She added that some members of her group did not feel well due to altitude sickness and wanted to remain in place, but some of the Nepali porters pushed them to descend quickly before the storm arrived in the morning.
“Some of the porters agreed to stay a little longer,” she said.
“Those who left first were the ones saved. We left first with the porters who urged us to leave. We started to walk and people just started to suddenly disappear because of the snow. We couldn’t see anything.
The people around you are disappearing. You start to panic. It is freezing cold and all of a sudden you see bodies.”
Rescue officials said the death toll could rise, as dozens of other foreigners and locals who had been trekking were still out of contact either because they were caught in the blizzard or due to poor communication links.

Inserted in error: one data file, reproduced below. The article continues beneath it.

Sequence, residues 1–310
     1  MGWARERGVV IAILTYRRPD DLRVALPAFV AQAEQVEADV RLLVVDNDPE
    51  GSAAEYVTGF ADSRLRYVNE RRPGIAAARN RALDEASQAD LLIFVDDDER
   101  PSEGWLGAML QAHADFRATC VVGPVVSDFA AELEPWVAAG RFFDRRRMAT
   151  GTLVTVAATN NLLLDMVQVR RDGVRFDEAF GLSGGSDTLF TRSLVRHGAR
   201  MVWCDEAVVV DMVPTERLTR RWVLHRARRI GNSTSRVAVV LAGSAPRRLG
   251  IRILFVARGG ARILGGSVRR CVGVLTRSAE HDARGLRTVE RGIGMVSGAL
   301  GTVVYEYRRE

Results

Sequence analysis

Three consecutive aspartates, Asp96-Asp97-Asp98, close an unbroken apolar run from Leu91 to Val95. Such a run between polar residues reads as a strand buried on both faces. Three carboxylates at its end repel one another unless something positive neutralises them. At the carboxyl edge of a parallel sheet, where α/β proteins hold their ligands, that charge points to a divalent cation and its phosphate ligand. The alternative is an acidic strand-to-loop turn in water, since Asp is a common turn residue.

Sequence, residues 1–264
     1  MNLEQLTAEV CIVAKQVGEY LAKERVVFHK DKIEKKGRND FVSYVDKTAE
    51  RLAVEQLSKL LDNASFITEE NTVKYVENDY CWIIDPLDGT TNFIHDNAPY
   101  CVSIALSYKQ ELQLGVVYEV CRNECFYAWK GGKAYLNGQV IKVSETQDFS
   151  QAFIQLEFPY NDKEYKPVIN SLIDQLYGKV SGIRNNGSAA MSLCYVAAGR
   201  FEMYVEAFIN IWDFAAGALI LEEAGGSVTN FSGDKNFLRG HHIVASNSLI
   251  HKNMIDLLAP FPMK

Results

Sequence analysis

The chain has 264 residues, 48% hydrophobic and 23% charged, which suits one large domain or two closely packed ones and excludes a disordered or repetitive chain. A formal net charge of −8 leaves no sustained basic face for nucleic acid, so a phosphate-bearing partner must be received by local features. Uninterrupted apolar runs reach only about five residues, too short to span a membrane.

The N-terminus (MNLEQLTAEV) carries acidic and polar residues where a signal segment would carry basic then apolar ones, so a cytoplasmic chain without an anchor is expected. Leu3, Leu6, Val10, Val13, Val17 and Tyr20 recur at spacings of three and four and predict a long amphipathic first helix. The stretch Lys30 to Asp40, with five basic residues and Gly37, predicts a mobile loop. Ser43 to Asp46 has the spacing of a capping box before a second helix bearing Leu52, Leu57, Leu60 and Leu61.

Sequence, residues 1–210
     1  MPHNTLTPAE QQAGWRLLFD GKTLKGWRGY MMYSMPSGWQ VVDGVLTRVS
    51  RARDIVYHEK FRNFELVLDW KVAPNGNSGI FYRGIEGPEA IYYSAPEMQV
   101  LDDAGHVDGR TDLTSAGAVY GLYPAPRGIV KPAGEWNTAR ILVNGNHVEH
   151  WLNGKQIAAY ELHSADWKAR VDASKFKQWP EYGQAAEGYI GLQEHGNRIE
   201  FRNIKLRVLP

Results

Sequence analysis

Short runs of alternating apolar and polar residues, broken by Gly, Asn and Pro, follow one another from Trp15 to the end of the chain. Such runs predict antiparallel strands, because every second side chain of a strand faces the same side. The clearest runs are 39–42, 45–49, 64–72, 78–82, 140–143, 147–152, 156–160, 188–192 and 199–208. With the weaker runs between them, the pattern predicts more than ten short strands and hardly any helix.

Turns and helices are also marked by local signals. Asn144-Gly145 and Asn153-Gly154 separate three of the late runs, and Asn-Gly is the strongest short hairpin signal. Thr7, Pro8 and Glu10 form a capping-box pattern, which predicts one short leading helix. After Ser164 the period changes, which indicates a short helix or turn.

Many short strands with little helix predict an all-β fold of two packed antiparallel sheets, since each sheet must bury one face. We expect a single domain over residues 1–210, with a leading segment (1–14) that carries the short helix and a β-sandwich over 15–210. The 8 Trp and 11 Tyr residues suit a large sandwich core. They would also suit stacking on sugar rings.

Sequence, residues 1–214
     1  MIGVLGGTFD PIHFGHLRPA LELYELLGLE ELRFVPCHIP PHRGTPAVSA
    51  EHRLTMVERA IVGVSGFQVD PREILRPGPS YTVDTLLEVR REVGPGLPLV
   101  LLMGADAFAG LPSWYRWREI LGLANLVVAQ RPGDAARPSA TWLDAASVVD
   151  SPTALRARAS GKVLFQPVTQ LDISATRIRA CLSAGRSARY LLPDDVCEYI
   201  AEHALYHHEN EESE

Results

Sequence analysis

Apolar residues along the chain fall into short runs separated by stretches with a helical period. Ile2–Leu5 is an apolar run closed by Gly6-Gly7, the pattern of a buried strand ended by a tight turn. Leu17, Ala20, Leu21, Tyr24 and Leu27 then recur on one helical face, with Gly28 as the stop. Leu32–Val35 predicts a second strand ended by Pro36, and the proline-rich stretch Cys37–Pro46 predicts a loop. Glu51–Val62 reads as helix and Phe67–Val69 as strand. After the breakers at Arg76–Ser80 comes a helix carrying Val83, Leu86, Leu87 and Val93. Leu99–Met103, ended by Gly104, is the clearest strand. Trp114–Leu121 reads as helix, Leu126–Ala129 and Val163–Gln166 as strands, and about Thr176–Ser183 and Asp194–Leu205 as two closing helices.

Baburam Bhandari, governor of Mustang District, said the bodies of a Nepali citizen, two Polish nationals and an Israeli were found along a popular trekking route near Annapurna, the world’s 10th highest mountain. Bhandari said they had perished in the blizzard.
Slovak, Canadian, and Indian nationals were also believed to be among the fatalities.
“We have rescued five German, five Polish, and four Israeli trekkers who were trapped in the snowfall early on Wednesday,” Bhandari told Reuters by phone without giving details. One German tourist fractured his leg, he said.
Mustang, about 150 km. northwest of Kathmandu, borders Tibet and is popular among foreign hikers. In neighboring Manang District, three yak herders were killed after being swept away by an avalanche.